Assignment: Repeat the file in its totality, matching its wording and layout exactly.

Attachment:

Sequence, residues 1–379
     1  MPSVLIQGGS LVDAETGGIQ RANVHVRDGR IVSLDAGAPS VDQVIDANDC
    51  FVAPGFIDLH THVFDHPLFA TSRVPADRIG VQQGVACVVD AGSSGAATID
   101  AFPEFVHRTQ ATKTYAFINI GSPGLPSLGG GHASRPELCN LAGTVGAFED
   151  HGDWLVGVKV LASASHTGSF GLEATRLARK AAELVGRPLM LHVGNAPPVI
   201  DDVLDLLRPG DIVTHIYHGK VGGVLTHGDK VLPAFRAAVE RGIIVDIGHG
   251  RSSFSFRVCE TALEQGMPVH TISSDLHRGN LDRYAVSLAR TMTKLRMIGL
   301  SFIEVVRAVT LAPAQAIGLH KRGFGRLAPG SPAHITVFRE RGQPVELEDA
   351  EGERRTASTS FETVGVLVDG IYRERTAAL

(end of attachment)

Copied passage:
Sequence, residues 1–379
     1  MPSVLIQGGS LVDAETGGIQ RANVHVRDGR IVSLDAGAPS VDQVIDANDC
    51  FVAPGFIDLH THVFDHPLFA TSRVPADRIG VQQGVACVVD AGSSGAATID
   101  AFPEFVHRTQ ATKTYAFINI GSPGLPSLGG GHASRPELCN LAGTVGAFED
   151  HGDWLVGVKV LASASHTGSF GLEATRLARK AAELVGRPLM LHVGNAPPVI
   201  DDVLDLLRPG DIVTHIYHGK VGGVLTHGDK VLPAFRAAVE RGIIVDIGHG
   251  RSSFSFRVCE TALEQGMPVH TISSDLHRGN LDRYAVSLAR TMTKLRMIGL
   301  SFIEVVRAVT LAPAQAIGLH KRGFGRLAPG SPAHITVFRE RGQPVELEDA
   351  EGERRTASTS FETVGVLVDG IYRERTAAL